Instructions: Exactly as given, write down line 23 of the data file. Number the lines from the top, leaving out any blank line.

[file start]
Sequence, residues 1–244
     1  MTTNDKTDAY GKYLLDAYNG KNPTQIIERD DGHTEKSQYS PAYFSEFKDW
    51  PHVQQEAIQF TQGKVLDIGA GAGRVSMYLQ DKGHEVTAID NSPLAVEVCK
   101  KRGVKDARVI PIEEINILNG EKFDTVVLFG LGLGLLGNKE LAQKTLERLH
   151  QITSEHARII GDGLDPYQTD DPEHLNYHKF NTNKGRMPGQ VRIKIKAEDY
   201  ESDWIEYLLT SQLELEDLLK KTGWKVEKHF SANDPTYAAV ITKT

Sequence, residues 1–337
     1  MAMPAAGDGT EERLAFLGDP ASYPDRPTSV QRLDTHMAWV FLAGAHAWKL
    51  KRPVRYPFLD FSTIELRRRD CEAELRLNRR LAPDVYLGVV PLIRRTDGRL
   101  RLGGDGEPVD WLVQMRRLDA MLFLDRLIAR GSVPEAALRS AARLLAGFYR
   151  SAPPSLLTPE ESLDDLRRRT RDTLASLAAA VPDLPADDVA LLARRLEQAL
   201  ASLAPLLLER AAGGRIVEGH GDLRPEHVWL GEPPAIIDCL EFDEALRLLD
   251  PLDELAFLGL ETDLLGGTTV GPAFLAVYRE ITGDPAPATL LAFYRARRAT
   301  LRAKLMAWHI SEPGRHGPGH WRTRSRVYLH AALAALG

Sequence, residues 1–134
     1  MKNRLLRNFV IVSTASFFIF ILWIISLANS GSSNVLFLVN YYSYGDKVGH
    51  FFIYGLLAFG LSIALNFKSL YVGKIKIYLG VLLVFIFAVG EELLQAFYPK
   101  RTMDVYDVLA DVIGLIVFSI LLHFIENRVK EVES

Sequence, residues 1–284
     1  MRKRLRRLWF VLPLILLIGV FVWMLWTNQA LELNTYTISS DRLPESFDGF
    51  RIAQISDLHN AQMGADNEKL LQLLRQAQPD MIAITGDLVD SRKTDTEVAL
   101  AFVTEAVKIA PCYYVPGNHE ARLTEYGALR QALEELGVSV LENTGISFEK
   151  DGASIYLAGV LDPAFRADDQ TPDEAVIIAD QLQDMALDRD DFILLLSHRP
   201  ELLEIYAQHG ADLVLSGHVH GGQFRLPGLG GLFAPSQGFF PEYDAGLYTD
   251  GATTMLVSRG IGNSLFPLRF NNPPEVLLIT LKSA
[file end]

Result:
   151  DGASIYLAGV LDPAFRADDQ TPDEAVIIAD QLQDMALDRD DFILLLSHRP